In the Republican race for the Second Congressional District former State Senator Dick Brewbaker and attorney Caroleene Dobson both advanced to the Republican runoff in April 39.59% (22,556) to 26.46% (15,075). State Senator Greg Albritton narrowly missed the runoff with 25.34% (14,434). The remaining votes were divided between: Karla M. DuPriest 1.44% (818), Wallace Gilberry 1.46% (834), Hampton S. Harris 2.47% (1,405), Stacey T. Shepperson 1.35% (770), and Belinda Thomas 1.89% (1,076).

On the Democratic side of CD2, Shomari Figures and House Minority Leader Anthony Daniels advanced to the runoff 43.45% (24,825) to 22.36% (12,774). The remaining votes were divided between: James Averhart 2.83% (1,614), State Rep. Napoleon Bracy, Jr. 15.67% (8,954), Sen. Merika Coleman 5.99% (3,420), Rep. Juandalynn "Le Le" Givan 2.19% (1,252), Rep. Jeremy Gray 2.73% (1,561), Phyllis Harvey-Hall 3.50% (1,999), Willie J. Lenard 0.34% (197), Vimal Patel 0.50% (288), and Larry Darnell Simpson 0.43% (245).

In the Third Congressional District, Republican incumbent Congressman Mike Rogers (R-Saks) crushed his two primary opponents. Rogers finished with 81.68% (71,124). Barron Rae Bevels received 5.79% (5,046) and Bryan K. Newell received 12.53% (10,909).

In the Fourth Congressional District, Republican incumbent Congressman Robert Aderholt (R-Haleyville) was awarded 79.69% of the vote (88,859). Challenger Justin Holcomb received 20.31% (22,649).

In the Fifth Congressional District incumbent Dale Strong (R-Huntsville) was unopposed.

In the Sixth Congressional District, Republican incumbent Congressman Gary Palmer (R-Hoover) easily overwhelmed his two challengers. Palmer had 83.25% (76,063), Gerrick Wilkins 10.55% (9,636), and Ken McFeeters 6.20% (5,668).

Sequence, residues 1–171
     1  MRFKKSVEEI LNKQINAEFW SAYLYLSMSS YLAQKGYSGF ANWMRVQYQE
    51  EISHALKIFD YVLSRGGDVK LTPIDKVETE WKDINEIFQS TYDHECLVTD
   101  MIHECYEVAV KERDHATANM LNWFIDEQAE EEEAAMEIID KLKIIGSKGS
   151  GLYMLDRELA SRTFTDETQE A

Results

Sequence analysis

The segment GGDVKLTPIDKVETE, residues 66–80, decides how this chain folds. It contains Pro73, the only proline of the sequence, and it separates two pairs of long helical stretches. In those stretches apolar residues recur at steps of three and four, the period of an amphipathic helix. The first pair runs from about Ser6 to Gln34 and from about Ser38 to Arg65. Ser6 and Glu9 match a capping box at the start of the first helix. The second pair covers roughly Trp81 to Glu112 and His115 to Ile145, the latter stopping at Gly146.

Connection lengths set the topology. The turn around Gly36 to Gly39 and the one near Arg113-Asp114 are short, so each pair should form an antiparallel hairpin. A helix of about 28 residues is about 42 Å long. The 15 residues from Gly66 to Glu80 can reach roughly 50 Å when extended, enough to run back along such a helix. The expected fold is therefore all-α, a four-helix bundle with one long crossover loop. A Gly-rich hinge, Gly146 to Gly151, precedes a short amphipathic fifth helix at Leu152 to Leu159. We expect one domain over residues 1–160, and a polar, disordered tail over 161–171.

In the Seventh Congressional District, Democratic incumbent Terri Sewell (D-Selma) cruised to an easy victory 92.61% (59,040) over Chris Davis 7.39% (4,709).

The Seventh District on the Republican side is much more complicated. Career educator Robin Litaker is challenging Sewell in the general election as the Republican nominee, The one wrinkle to this is that she was soundly defeated on Tuesday by talk radio host Chris Horn 58.23% (18,100) to 47.77% (12,981). Horn however had announced in writing to the Alabama Republican Party that he had withdrawn from the CD7 race; but that was too late for him to be removed from the primary ballot.

The Alabama Republican Party confirmed to the Alabama Gazette that Litaker is the nominee.

On the Republican ballot, Susan Mooney won the open Pace 3 seat on the State Board of Education without a runoff with 51.40% (38,507). She defeated Ann Eubank 13.99% (10,480), former State Rep. Charlotte Meadows 23.32% (12,472), and Melissa Snowden 11.29% (8,456).

Allen Long won the open Place 7 seat on the State Board of Education with 60.93% (52,705). He defeated Doug Bachuss 26.94% (23,302) and Oscar Mann 12.13% (10,497).

The statewide constitutional amendment allowing the Legislature to no longer pass a budget isolation resolution (BIR) before passing local bills was narrowly defeated. 48.67% (341,139) voted yes on the amendment and 51.33% (359,770) voted no.